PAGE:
The stove with the poorest simmering capability by far was the Coleman Hyperflame Fyrecadet. This stove ran hot hot hot! We were a bit surprised by this because you can actually turn the flame down very low (to the point it's hard to tell if it's even still on), but the stove still cooks hard and fast. It also didn't seem to ever cook evenly, despite the wide sturdy burners. During one testing session we tried to cook raw sausage patties and ended up with a hard char on the outside of raw meat and a pan so burnt it required an extended soak to get clean.
When it comes to cooking for a crowd, bigger is definitely better. So it's no surprise that the Camp Chef Pro 60 was our clear winner in this category. With two large 30,000 BTU burners and a fold-out prep table on each side, there's by far enough space and power on this stove to meet all your cooking needs. The cook-top over the two burners is a continuous grate, making it easy to shuffle around pots and pans of any and all sizes.
The grate is also tight enough to accommodate very small cookware like a bialetti (a small stove-top coffee maker) or a tiny pot. The side trays are really what sets this stove apart for group cooking, as they provide invaluable space for prep, and storage while cooking. If you find yourself frequently camping and cooking with large groups, this stove is highly recommended. Otherwise, the weight, size, and price of this model probably don't make sense, and you should go with a more compact model.
Another group cooking option is to use an affordable one-burner like the Coleman Instastart, along with a compact two-burner of your choice. This allows two or more people to cook at once and will likely take up less space in your vehicle during transport. By itself, the Instastart scored the lowest in the group cooking category, as it has only one burner. But with a price of just $29.99, it's a fantastic addition to own and you won't end up paying hundreds of dollars to lug around a giant stove. If you have a bigger group bring it; if you don't, you can leave it at home!
The Eureka Spire LX is another compact option with lots of potential for group cooking. With the additional purchase of a JetLink Accessory Hose, you can hook up another Eureka stove and run both of them off the same fuel source, literally doubling your available cooking area. You can alternatively purchase the Luna Satellite Burner that allows you to attach a JetBoil. Neither of these are cheap options however, with the JetLink hose retailing for $39.95, and the Luna Burner for $59.95 (not including the JetBoil Flash itself).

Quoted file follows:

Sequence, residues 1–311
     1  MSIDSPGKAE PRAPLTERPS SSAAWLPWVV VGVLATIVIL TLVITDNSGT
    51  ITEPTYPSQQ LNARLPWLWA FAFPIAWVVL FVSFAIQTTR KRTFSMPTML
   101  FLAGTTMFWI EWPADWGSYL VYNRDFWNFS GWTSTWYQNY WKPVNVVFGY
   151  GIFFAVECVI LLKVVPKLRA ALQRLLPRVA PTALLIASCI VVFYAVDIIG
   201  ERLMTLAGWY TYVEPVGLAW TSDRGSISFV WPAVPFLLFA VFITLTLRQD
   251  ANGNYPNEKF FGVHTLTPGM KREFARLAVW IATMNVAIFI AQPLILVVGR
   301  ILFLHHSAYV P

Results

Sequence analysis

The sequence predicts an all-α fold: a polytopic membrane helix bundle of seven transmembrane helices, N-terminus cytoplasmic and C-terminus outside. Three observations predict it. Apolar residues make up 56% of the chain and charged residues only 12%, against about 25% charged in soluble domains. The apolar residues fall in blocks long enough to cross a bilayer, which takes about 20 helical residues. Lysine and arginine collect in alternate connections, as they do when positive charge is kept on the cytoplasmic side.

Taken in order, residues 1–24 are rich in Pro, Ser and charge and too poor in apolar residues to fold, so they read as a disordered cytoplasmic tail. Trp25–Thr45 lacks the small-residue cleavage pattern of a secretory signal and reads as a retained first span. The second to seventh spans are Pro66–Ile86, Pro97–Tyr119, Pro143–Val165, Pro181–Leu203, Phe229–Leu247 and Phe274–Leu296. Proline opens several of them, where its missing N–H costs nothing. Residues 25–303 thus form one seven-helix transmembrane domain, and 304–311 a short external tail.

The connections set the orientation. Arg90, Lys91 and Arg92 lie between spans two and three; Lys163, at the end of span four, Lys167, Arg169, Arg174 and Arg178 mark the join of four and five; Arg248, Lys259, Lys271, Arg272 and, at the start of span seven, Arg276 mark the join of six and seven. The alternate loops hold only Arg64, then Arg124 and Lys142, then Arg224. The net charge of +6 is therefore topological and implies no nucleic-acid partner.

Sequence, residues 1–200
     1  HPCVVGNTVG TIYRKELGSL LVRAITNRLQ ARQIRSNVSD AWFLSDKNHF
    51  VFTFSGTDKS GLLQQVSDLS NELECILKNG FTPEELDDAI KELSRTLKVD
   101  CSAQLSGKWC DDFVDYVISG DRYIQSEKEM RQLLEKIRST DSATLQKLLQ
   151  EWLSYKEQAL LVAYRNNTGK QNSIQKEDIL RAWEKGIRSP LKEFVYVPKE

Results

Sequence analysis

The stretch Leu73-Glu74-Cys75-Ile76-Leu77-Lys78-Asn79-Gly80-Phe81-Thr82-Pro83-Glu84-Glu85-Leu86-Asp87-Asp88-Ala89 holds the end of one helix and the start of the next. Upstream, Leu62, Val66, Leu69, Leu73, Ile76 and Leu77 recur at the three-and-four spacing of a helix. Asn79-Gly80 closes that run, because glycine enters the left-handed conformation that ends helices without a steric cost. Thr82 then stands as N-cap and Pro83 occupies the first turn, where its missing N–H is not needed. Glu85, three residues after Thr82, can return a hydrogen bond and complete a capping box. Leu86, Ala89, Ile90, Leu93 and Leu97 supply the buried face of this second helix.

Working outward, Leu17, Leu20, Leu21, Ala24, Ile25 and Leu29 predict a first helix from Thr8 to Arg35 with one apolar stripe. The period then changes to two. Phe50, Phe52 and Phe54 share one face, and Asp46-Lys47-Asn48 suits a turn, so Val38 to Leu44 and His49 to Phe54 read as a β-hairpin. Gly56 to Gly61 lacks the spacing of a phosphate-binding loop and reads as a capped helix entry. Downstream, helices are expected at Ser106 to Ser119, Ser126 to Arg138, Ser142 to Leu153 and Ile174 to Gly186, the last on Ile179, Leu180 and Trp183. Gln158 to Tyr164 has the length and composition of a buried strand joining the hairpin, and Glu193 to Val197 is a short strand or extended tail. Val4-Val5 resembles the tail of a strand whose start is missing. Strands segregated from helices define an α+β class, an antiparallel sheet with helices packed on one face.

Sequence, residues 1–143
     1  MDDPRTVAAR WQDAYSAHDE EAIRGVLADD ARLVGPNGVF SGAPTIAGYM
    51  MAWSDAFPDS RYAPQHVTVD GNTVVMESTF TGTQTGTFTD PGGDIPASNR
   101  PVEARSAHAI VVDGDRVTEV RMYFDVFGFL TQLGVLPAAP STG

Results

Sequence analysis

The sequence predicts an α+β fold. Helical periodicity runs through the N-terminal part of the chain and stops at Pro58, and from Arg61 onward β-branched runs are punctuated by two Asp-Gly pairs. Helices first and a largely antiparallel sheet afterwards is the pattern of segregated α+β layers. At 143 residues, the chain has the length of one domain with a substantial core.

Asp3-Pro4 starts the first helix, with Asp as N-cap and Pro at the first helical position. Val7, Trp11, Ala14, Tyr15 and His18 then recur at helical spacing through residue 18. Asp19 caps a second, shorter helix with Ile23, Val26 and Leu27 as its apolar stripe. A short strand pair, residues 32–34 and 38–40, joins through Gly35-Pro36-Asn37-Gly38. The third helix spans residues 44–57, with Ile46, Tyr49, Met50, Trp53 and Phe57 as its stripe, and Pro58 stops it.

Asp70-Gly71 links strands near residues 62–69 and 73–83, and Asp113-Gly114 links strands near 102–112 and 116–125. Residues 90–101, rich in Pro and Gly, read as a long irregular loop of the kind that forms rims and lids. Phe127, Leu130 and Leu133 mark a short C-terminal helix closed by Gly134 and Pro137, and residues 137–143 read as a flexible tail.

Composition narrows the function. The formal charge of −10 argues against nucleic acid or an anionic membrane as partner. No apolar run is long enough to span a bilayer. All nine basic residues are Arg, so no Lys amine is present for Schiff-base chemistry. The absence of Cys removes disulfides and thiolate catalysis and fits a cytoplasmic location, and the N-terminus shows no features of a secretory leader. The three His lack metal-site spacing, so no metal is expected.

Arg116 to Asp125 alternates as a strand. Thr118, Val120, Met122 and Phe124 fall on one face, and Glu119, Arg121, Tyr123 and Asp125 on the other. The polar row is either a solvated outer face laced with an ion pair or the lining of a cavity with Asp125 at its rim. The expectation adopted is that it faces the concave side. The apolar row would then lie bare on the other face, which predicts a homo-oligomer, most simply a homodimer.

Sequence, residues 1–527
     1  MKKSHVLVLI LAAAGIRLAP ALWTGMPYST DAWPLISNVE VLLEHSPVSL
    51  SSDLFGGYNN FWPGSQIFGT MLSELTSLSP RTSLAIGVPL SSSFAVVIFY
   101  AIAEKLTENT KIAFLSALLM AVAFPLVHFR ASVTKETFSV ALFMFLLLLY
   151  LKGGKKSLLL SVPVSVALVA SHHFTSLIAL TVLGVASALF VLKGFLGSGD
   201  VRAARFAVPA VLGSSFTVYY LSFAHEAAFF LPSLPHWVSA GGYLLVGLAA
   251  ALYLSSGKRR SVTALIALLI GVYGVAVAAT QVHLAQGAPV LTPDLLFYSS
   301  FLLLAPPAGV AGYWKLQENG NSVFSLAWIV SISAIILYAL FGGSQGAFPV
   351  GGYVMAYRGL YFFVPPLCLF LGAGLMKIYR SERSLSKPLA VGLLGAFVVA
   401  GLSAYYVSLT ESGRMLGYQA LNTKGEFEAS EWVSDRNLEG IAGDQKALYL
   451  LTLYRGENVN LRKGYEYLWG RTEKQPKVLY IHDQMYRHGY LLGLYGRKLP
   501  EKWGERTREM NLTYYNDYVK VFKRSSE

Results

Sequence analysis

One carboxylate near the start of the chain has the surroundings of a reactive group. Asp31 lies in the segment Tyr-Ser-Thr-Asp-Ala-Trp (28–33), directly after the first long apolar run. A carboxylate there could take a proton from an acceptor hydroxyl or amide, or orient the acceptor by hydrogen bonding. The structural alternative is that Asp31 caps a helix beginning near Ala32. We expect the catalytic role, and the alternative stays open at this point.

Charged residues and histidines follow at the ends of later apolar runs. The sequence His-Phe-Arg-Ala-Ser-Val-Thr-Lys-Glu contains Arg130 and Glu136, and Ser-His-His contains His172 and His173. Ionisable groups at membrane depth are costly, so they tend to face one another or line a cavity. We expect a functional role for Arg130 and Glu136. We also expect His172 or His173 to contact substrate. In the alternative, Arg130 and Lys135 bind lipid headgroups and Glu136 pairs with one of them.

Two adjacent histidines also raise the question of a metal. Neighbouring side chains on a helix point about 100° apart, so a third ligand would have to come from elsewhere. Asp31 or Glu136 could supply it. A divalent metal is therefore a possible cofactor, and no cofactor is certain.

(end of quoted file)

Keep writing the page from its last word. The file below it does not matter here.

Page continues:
Ease of Setup
While car camping stoves are typically much easier to set up than their backpacking counterparts, some are more user-friendly than others. We chose the Coleman Butane Instastart as the winner in this category in no small part because the directions for how to get it up and running are printed right on the lid. This makes it super easy for a new user to be able to jump in and help out if needed. And all the stove requires for setup is placing the butane canister in the fuel compartment properly, flipping a switch to lock it into place, and then turning the knob all the way past high to self-ignite. Very fast and easy.
A close second in this category was the Primus Kinjia. The Kinjia was the only stove we tested that had an already attached fuel hose; this stove required no fussing with screwing a metal elbow into place, which is nice, especially if you have cold fingers! It comes with a special stand to prop up the fuel bottle at the correct angle after you screw it into the hose. The nice thing about this is that you can set the fuel bottle wherever you'd like within the bounds of the hose. The potential issue is that it's a separate and important piece that could get lost.
The size of the Camp Chef Pro 60 made it the most involved stove to set up. It has multiple parts that come separately (propane hose, leg stabilizer, and windscreen) and it's big and bulky. The 47-pound stove has to be flipped over in order to fold out and secure the legs. The manufacturer recommends tightening the hose for the propane tank with a wrench, which isn't included. On top of this, we had an issue with one of the barrel nuts (that connects the side tray table) falling out. Reattaching this barrel nut requires not one, but two Allen wrenches. Basically, there is a lot to potentially contend with here. If you want a stove of similar size that's much easier to set up, consider the Stansport Outdoor Stove instead.
Ease of Care
Most good car camping stoves are engineered with the assumption that they are going to get filthy and that you aren't going to want to do anything about it right away. What this means is that they tend to be pretty low maintenance and easy to clean. That being said, we did notice some big differences between the various models. By far the most low-maintenance stove was the Stansport Outdoor Stove. Its construction is such that beneath the cooking grate only the burners stand in the way of food hitting the ground. So when, inevitably, food flies out of your skillet, it will hit the ground instead of collecting at the bottom of your stove. This aspect could potentially be seen as a negative if you're camping in a place like Yosemite, where the less food to hit the ground, the better. Additionally, the entire stove is painted black, the most filth friendly color.
The Camp Chef Pro 60 was one of the most involved models to clean. Unlike the Stansport Outdoor, there is a thin metal sheet beneath the cooking grate and burners that prevents food spills from landing on the ground. Food bits accumulate here until you unscrew a special hook on the left side and remove the grate (it cannot just be lifted out like most two-burner stoves). Once you've done this, everything is accessible and easy to clean, but it's a bit of a pesky step.